If you were willing to spend tens of billions of dollars on aid to auto companies, that would help people living in the rust belt. But by the same token, if you agreed to buy tens of billions of dollars worth of cereal that would also help the Michigan economy. Or what if you spent it on this:
High-speed rail could cut travel time between Detroit and Washington from nine hours to three — just a smidge longer than the train ride from Washington to New York, from downtown to downtown. And you’d never have to take your shoes off, unless you wanted to. High-speed rail would also cut a five-hour drive from Detroit to Chicago to just over an hour. Detroit to Cleveland? Just under and hour. Detroit to Pittsburgh? About an hour and a half.
High-speed rail would, in other words, turn Rust Belt distances into northeast corridor distances, while also shifting the Rust Belt closer to the northeast corridor. It would increase the return to doing business in every city in the region. It would be the Erie Canal and the original railroads on steroids.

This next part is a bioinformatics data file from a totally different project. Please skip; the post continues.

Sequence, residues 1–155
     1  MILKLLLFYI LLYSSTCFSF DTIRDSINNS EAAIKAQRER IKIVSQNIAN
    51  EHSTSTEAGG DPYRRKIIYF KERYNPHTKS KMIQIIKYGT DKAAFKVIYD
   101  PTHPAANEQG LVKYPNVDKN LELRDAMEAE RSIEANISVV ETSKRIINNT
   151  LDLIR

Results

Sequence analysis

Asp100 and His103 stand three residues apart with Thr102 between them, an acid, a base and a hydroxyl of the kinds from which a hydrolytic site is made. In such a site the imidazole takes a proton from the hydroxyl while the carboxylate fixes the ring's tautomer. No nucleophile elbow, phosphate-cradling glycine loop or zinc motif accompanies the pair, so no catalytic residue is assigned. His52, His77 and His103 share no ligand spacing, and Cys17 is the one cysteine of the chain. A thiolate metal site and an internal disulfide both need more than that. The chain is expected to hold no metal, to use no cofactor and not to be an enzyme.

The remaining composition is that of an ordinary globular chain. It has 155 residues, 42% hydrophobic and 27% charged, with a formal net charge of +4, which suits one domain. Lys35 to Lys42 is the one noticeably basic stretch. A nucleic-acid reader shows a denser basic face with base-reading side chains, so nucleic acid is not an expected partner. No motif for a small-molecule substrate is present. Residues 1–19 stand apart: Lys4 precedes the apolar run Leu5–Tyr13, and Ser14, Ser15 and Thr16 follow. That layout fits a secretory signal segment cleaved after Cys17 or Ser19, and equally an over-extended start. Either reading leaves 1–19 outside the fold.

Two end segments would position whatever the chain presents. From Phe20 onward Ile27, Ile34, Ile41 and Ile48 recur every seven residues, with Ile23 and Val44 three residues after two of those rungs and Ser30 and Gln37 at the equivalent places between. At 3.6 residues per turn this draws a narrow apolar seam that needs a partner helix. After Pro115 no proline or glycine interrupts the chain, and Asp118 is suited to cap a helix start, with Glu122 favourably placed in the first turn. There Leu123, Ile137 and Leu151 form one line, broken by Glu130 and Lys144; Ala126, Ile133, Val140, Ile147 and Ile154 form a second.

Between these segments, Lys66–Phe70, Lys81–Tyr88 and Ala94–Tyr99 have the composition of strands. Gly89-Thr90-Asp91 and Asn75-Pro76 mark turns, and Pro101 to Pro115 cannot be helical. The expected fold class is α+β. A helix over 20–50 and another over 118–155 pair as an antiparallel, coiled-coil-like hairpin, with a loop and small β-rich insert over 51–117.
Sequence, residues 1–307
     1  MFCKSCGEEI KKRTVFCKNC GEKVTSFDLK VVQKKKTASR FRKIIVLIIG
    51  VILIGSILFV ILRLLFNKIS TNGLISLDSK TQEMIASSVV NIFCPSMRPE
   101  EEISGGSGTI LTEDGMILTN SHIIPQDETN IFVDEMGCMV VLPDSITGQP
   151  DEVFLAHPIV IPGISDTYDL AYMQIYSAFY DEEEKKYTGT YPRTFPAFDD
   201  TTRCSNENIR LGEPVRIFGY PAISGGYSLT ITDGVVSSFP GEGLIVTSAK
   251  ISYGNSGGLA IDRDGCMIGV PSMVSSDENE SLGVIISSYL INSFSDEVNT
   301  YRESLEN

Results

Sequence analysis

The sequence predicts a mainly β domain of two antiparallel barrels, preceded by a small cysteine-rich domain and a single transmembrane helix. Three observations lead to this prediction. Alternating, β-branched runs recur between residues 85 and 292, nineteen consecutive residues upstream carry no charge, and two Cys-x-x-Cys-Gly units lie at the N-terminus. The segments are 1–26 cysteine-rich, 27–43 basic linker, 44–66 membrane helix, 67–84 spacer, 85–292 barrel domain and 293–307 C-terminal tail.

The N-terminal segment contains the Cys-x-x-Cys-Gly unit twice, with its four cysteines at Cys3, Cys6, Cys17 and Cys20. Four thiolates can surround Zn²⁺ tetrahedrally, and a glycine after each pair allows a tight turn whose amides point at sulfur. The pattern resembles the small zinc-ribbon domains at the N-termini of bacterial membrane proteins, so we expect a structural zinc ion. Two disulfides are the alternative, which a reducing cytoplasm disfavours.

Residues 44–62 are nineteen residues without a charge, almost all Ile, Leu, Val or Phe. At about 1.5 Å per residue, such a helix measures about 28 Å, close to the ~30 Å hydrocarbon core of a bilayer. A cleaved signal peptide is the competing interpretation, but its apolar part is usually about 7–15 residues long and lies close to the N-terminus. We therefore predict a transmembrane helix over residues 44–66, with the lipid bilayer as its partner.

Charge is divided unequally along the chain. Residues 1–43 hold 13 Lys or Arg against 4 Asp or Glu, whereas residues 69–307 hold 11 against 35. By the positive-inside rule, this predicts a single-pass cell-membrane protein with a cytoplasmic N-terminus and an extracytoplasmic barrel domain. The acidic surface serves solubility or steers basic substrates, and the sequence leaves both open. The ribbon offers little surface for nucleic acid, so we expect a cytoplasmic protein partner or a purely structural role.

And here’s the thing — California is estimating that its 800-mile high-speed rail network will cost it about $45 billion over twenty or so years. The actual cost will probably be higher than that, and a Midwest network would be larger and therefore more expensive, but the total cost is in the same ballpark as the $50 billion in aid automakers are begging for (which wouldn’t even be spread out over a period of years).
I think after what’s just been done for Citigroup, nobody — myself included — has much of a leg to stand on in opposing giveaways to car companies or anyone else. But it’s still the case that money could be better spent on public investments that would both directly create demand for industrial products and also build productive infrastructure for the future, than simply on covering the operating costs of industrial firms and hoping for the best.